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Privacy comes under attack

The right to privacy of correspondence received a disproportionate shake-up in the aftermath of the terrorist attacks on New York
Written by Wendy McAuliffe, Contributor

The events of 11 September provoked a new urgency in the need for powers that would allow law enforcement officers to retain traffic data for anti-terrorist investigations. Within a matter of weeks, the privacy rights of British citizens had been hugely compromised by emergency legislation, which allowed the automated surveillance of all electronic communications.

Now at the start of 2002, British surveillance laws are at risk of infringing what are seen by some as basic human rights. Huge demands have been placed on Internet Service Providers (ISPs) to stockpile traffic data on customers under the new Anti-Terrorism, Crime and Security Bill (ATCS), and the Information Commissioner has characterised the requirements as "disproportionate general surveillance".

Traffic data collected under the voluntary Code of Practice within the ATCS would provide a "complete map of a person's private life" according to the Foundation for Information Policy Research (FIRP). Records will include an individual's geographical location determined through their mobile phone, the sender and recipient information from emails, a complete log of a person's Internet sessions including their IP address, and the address of all Web sites visited.

The Data Protection Act 1998 states that a communications provider must only retain traffic data for the length of time necessary for legitimate billing purposes. But contained within the Act is a provision for cases of national security, where personal data may be stored for longer periods of time in order to assist in the prevention or detection of crime.

In her scrutiny of the ATCS, Elizabeth France, information commissioner, warned that the Act might pose difficulties for data protection and human rights compliance. "Although recent events have prompted these measures to be brought forward," she said, "law enforcement agencies will make use of them on a day-to-day basis for a variety of matters. Careful consideration must be given to ensure that the provisions are appropriate to addressing these more routine needs."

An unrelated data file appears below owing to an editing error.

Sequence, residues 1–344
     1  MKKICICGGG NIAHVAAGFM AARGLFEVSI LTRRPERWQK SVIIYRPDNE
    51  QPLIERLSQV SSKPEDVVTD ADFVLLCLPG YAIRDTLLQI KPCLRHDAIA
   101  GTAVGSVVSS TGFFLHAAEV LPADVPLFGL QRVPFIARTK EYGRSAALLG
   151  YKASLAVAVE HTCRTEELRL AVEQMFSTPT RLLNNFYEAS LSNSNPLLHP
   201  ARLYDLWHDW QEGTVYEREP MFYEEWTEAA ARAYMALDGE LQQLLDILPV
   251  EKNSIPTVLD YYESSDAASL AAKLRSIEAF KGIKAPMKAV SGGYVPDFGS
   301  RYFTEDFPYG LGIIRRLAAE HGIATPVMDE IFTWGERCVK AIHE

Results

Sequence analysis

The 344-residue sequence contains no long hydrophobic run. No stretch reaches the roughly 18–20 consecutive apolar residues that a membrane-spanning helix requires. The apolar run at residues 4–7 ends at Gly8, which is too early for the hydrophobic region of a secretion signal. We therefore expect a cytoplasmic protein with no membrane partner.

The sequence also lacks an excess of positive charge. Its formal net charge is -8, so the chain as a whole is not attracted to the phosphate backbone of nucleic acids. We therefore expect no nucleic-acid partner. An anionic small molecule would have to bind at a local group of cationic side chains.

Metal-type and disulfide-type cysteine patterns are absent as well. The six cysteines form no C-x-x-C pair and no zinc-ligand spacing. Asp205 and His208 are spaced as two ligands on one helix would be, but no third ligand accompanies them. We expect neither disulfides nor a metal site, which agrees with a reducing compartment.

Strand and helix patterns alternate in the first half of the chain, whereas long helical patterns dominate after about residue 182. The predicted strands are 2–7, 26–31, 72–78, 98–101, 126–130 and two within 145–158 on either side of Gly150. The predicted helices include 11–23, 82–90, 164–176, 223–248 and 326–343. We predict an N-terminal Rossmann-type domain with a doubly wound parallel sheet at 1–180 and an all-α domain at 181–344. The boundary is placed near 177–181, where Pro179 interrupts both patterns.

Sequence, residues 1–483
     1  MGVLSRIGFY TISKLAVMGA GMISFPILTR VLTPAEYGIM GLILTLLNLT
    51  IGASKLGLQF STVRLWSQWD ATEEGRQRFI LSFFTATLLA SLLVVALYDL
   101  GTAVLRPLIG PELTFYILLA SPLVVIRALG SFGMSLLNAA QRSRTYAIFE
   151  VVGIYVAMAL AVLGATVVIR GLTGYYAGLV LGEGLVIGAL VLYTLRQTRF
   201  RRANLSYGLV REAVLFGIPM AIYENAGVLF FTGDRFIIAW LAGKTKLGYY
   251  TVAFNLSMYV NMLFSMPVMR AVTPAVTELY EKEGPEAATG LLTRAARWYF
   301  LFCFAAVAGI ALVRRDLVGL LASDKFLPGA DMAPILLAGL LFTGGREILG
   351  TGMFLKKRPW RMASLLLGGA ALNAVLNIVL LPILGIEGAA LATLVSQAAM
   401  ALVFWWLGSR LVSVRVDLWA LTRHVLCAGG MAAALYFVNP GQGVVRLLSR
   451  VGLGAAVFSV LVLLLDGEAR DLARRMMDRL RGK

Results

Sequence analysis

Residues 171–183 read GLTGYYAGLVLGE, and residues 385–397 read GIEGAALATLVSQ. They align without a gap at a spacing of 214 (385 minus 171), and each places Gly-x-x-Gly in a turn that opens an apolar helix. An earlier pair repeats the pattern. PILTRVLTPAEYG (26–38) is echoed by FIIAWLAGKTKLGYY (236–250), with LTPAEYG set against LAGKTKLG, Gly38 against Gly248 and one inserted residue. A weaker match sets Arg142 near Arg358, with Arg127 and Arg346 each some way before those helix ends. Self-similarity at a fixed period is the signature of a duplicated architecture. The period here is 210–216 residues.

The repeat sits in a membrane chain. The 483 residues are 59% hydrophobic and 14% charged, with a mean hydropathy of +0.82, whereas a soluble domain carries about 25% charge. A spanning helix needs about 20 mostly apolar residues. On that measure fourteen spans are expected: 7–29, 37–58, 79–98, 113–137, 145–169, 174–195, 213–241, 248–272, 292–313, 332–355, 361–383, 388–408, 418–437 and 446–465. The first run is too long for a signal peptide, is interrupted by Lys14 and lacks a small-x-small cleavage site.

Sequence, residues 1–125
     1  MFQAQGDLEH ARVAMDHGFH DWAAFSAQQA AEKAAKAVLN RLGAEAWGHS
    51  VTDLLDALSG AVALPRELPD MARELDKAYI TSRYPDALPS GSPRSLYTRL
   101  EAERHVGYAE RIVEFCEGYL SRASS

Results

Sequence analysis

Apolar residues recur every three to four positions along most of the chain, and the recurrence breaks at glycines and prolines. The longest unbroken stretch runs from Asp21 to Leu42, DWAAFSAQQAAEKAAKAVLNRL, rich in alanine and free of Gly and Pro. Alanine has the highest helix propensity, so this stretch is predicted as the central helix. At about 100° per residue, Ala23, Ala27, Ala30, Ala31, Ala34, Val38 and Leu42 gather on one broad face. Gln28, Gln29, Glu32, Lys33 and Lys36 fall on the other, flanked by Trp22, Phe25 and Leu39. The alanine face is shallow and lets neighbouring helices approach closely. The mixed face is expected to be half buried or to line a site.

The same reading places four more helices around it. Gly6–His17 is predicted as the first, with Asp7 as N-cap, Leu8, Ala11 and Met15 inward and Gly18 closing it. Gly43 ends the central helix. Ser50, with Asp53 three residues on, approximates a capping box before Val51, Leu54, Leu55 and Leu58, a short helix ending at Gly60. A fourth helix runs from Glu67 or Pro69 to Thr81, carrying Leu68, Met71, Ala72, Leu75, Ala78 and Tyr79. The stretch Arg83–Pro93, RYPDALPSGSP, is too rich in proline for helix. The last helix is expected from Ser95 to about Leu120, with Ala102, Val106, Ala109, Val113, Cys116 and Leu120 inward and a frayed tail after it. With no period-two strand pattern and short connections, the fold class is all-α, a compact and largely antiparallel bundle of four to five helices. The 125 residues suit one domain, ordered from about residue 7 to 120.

Before the publication of ATCS, the home secretary, David Blunkett, stated that traffic data obtained under the new arrangements would be used "strictly in the case of a criminal investigation against suspected terrorists." This promise was broken within the Act's report stage, when part 11 endorsed the stockpiling of traffic data for minor criminal investigations. But Blunkett u-turned his decision a matter of hours before the Act received royal assent, and accepted a proposal tabled by the Liberal Democrats to separate out data that is relevant to terrorists, as opposed to organised criminals. The Code of Practice now makes the ambiguous requirement that in order for surveillance powers to apply, the investigation must relate "directly or indirectly to national security."

Data retention powers included in ATCS will be regulated under the terms of the Regulation of Investigatory Powers Act (RIPA). This Act allows access to traffic data for broader reasons than national security, including public order, minor crime, health and safety and tax. Any ISP can be required to install a "black box" capable of relaying intercepts back to a central monitoring facility at MI5. Content and traffic data can be directly collected by the black boxes, without the need for a content warrant or traffic notice on the ISP. A superintendent is able to request access to all traffic data stored by an ISP, and a single interception officer has sole responsibility for overseeing all interceptions conducted under RIPA.

Chapter II of Part I of RIPA, which makes it possible for law enforcement to access traffic data without a court order is still to come into force. The Home Office has set no date for its passage, but hopes that it will become law "shortly".

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